When she thinks a question is wrong, silly or just obvious, she corrects it.

What's it like to be a 15-year-old girl, full of dreams but not sure how to make them become reality?

That's a question that NPR explored this fall in our series #15Girls. We sent reporters around the world. We met girls who faced all kinds of obstacles: gang violence, child marriage, unaffordable tuition fees. And we learned the plans they hatched to get ahead.

We asked our correspondents to share a moment that was critical in their reporting — a person they met, a scene they witnessed that helped shape the story they told.

Twenty-five years ago, the first album by A Tribe Called Quest hit record stores — and as soon as it dropped, it stood out. Even the title, People's Instinctive Travels and the Paths of Rhythm, felt like an iconoclast's mission statement.

Chef and food writer Kenji Lopez-Alt recently paid a visit to old stomping grounds: the Boston area, home to his alma mater, MIT.

He helped prepare one dinner at Roxy's Grilled Cheese, a small, hip sandwich shop in the Allston neighborhood, to share a recipe from his new book The Food Lab: Better Home Cooking Through Science.

StoryCorps' Memory Loss Initiative supports and encourages people with various forms of memory loss to share their stories with loved ones and future generations.

Teresa Valko lives in California, and her mother, 80-year-old Evelyn Wilson, lives in Georgia. They keep in touch with regular phone conversations.

Eight years ago, Wilson began to show symptoms of memory loss.

Five years ago, the world was riveted by the plight of 33 miners trapped deep underground in Chile. For 69 days, we waited to see if the men would survive the collapse of a gold and copper mine. Then came a miraculous ending: All the miners were carried to safety in a tiny capsule called The Phoenix.

Over the past few weeks, NPR has featured the stories of 15-year-old girls all over the globe as part of our #15Girls series. These young women are pushing back against parental expectations, cultural norms and economic hardship and taking charge of their future.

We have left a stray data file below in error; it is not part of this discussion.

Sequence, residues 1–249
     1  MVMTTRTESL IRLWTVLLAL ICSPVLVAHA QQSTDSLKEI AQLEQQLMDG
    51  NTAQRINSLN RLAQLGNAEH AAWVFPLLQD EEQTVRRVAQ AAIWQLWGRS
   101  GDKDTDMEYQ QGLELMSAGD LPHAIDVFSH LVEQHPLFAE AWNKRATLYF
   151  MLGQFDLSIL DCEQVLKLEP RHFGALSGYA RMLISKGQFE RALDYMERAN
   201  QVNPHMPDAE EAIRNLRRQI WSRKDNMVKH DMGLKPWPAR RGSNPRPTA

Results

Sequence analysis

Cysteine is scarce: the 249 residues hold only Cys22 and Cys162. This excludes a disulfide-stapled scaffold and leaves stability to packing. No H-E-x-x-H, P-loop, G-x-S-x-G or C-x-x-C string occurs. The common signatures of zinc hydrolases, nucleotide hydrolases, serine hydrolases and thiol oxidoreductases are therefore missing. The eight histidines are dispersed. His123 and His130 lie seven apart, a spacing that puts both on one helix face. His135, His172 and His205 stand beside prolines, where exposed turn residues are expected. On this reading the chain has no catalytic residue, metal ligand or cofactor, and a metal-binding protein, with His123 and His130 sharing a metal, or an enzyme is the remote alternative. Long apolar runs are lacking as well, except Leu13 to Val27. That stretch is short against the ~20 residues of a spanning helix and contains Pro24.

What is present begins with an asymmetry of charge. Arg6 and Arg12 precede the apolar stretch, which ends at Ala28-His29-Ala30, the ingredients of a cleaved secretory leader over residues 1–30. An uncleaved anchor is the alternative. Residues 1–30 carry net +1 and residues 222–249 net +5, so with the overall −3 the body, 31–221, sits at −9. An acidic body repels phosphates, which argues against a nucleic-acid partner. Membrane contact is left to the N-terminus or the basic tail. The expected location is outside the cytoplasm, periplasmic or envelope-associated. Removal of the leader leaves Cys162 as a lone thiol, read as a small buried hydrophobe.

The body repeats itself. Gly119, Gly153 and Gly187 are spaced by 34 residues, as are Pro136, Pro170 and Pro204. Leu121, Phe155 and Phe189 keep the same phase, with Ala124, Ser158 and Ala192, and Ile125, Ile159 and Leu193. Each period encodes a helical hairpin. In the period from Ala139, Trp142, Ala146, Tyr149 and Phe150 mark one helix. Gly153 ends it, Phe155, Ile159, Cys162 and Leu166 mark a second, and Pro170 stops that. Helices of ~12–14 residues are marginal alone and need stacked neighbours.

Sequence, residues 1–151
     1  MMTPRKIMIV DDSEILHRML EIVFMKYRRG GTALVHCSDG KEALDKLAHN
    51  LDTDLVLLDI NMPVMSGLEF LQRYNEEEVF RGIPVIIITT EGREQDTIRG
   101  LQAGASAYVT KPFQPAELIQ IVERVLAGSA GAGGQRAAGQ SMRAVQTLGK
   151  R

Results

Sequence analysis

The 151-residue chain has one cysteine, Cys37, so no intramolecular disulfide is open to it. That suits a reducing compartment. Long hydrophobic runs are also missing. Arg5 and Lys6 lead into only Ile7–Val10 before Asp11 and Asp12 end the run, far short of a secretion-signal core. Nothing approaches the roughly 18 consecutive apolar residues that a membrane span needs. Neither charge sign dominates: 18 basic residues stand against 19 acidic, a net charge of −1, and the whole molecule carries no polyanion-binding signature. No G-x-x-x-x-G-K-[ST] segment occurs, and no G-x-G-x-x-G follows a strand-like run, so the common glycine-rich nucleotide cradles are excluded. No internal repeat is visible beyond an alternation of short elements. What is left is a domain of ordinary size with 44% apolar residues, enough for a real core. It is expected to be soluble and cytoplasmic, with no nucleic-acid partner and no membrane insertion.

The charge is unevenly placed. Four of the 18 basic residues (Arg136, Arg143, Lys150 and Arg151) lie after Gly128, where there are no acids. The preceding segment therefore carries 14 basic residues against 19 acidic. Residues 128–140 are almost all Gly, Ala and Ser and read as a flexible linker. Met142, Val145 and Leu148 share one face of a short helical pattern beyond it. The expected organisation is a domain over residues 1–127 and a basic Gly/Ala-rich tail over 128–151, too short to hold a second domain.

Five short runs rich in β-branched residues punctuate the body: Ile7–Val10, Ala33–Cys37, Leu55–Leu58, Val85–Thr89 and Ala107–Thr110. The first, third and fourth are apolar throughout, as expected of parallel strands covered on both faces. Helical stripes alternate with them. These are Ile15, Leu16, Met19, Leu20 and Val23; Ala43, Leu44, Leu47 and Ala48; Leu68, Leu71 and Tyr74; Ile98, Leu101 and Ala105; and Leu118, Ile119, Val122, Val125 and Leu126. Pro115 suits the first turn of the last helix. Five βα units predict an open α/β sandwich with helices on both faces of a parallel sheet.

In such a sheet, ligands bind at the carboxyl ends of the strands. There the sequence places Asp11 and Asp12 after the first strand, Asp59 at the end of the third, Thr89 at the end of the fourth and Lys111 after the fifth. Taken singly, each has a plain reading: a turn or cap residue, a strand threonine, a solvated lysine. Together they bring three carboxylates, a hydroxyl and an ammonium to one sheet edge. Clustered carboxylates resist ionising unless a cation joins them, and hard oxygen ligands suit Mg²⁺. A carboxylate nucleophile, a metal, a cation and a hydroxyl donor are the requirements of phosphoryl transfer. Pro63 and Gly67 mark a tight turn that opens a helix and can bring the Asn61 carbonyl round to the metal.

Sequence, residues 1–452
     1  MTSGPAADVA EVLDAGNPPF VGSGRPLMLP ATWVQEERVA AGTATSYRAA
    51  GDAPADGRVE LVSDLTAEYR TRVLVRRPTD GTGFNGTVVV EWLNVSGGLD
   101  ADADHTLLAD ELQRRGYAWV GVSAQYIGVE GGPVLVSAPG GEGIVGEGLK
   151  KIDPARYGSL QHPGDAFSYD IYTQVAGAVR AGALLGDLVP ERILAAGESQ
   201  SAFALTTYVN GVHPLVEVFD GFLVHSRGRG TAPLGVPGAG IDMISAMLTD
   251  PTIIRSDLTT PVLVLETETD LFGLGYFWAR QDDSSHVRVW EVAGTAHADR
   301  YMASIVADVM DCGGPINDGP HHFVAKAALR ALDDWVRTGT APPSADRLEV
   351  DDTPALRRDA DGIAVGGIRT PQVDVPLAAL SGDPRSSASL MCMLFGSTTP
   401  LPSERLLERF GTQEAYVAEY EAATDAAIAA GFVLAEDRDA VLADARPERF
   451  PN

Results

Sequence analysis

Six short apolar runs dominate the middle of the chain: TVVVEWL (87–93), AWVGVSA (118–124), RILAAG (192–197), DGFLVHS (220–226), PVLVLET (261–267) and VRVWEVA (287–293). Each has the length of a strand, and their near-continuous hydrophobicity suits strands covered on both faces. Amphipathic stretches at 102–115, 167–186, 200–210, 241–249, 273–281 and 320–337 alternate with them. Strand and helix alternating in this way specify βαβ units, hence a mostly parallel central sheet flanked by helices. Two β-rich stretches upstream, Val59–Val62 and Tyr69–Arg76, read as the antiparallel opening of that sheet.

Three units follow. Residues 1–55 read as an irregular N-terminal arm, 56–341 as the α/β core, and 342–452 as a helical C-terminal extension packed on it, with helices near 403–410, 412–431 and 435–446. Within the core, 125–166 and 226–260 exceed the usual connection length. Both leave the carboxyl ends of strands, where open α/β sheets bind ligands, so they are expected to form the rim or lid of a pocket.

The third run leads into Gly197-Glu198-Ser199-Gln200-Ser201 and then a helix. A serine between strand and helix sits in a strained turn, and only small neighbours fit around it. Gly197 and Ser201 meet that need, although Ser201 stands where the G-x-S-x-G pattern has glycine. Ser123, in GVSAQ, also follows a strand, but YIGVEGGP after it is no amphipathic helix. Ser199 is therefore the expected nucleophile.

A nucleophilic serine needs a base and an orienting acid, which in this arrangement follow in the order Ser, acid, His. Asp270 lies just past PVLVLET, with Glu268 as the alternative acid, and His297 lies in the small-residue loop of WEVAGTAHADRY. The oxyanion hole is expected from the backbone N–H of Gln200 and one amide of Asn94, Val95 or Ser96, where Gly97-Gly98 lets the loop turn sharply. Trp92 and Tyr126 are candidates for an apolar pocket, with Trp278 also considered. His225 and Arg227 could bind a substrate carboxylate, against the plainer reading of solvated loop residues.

Many of you told us you were surprised and inspired by these stories. And lots of you wanted to know more. Below, we've asked our reporters to answer some of your queries.

Stan Lee is a legend. Along with artists Jack Kirby and Steve Ditko, Lee helped populate the Marvel Comics universe with heroes like the Fantastic Four, the Incredible Hulk and Iron Man.

Their most famous creation — Lee calls him "Spidey" — is everywhere in this office, as a painting, a life-size doll, and even a pinball machine. "Nobody plays pinballs anymore," Lee tells NPR's Renee Montagne. "And it's really a good thing, because it doesn't work anymore."

Back in 1986, Allen Toussaint told All Things Considered that he could write a song from the scraps of a joke, or from snippets of conversations. If the occasion called for it, he could even fashion writer's block into verse.

"Well, how do you write a song?" he offered, playfully. "Do you make it short? Do you make it long? Is there any right? Is there any wrong? Just how do you write a song?"

All composers have obsessions. For John Adams, a composer who decidedly broke with the past, that obsession is Beethoven, as heard in the new album Absolute Jest.

Shonda Rhimes will be the first to admit she didn't expect to be famous. Hollywood is notoriously uncharitable to writers, but the success of her company ShondaLand — the force behind the ABC top-rated dramas Grey's Anatomy, Scandal and How to Get Away with Murder — has made her a household name.

Astronauts Scott Kelly and Kjell Lindgren left the International Space Station on Friday for their second spacewalk in less than two weeks. Their assignment was to configure a vent door on the port side ammonia tank. That meant they were outside the space station, tied only with a tether, floating in outer space.

Author Michael Cunningham was fascinated by fairy tales as a child — but he always wondered what happened after the story ended. His new collection, A Wild Swan, tries to answer that question.

Cunningham spoke with NPR's Rachel Martin on how one story ends and another begins.

Interview Highlights

On what happens after the happily-ever-after

GOP presidential candidate Ben Carson has been having a rough couple of days. In the past 48 hours, several news organizations have raised questions about aspects of his past.

But even as he's weathered the increased media scrutiny, this week also saw Carson grab headlines for a decidedly different campaign milestone: He dropped a rap song.

As part of a series called My Big Break, All Things Considered is collecting stories of triumph, big and small. These are the moments when everything seems to click, and people leap forward into their careers.

Betto Arcos — world-music connoisseur and host of the Cosmic Barrio podcast — is a frequent guest of weekends on All Things Considered, where he shares the music he's discovered in his travels.